None of these are big, none of these are great. They're all more experiments to see what can be done. What I've learned most of all throughout all my time working on games is that I'm not good at making games. I'm decent at making engines, which is a very, very different thing.

If you're good at making games, you can make an engaging game with nothing more than format, read-line, and some logic thrown in. If you're bad at making games like I am, you build a large engine for all the features you imagine your game might need, and then you don't know how to proceed and the project dies. You may notice that this also has a bit of an implication, namely that for making the game part of a game, the choice of language matters very little. It matters a lot for the engine, because that's a software engineering problem.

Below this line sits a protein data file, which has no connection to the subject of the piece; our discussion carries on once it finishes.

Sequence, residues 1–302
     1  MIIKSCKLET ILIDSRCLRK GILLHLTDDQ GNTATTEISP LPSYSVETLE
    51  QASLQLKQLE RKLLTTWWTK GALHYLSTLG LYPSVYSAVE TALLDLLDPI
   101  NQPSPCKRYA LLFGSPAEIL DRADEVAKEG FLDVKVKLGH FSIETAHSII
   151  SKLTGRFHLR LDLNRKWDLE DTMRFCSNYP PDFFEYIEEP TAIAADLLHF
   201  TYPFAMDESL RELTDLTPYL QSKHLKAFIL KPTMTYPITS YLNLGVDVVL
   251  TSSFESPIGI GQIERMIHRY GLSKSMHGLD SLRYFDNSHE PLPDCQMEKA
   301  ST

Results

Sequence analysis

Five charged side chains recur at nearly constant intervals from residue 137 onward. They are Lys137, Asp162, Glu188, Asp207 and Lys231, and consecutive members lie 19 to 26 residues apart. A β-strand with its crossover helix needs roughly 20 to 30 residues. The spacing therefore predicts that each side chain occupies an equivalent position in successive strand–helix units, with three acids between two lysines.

I'm writing this because this is, to me, an important disclaimer: I don't well know how to make games. I can write code, program mechanics, make monkeys jump up and down on your screen, but that's not the meat of a game and usually not why people play games either. Thus my primary difficulty making games has absolutely nothing to do with the technology involved. Even if I were using Unity or Unreal, this problem would not go away. It was the same when I was last writing games in Java, and it was the same when I was using GameMaker.

Now, why am I not using a large, well made engine to make games? Is it because I've been tainted by Lisp and don't want to use other languages in my free time anymore? Is it because the game making problem would persist anyway so what's the point? Is it because I like making engines? Is it because I'm stupid? Well, the answers are yes, yes, yes, and yes.

Alright, so here we are: Lisp is the only choice left, I like making engines and don't know how to make games, so what are the difficulties and advantages of doing that?